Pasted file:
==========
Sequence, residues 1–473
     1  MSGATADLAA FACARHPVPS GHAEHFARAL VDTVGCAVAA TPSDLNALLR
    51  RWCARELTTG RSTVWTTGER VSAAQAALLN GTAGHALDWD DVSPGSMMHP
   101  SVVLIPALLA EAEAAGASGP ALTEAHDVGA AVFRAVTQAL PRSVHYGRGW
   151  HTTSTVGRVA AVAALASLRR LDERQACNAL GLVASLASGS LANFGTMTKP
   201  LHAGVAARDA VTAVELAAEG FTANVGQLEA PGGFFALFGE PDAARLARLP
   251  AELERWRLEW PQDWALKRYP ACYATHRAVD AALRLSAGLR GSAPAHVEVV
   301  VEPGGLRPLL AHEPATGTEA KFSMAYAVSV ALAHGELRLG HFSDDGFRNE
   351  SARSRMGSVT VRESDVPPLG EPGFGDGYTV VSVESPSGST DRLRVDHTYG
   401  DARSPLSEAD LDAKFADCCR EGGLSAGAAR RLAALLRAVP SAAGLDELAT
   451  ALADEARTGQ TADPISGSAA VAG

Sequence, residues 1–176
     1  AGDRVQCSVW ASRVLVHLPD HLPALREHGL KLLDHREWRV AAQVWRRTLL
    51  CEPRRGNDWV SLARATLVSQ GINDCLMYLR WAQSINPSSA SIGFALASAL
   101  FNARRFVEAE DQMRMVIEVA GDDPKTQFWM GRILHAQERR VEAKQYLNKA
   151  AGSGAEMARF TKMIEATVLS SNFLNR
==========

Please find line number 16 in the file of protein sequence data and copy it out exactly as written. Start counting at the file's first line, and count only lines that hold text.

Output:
   151  AGSGAEMARF TKMIEATVLS SNFLNR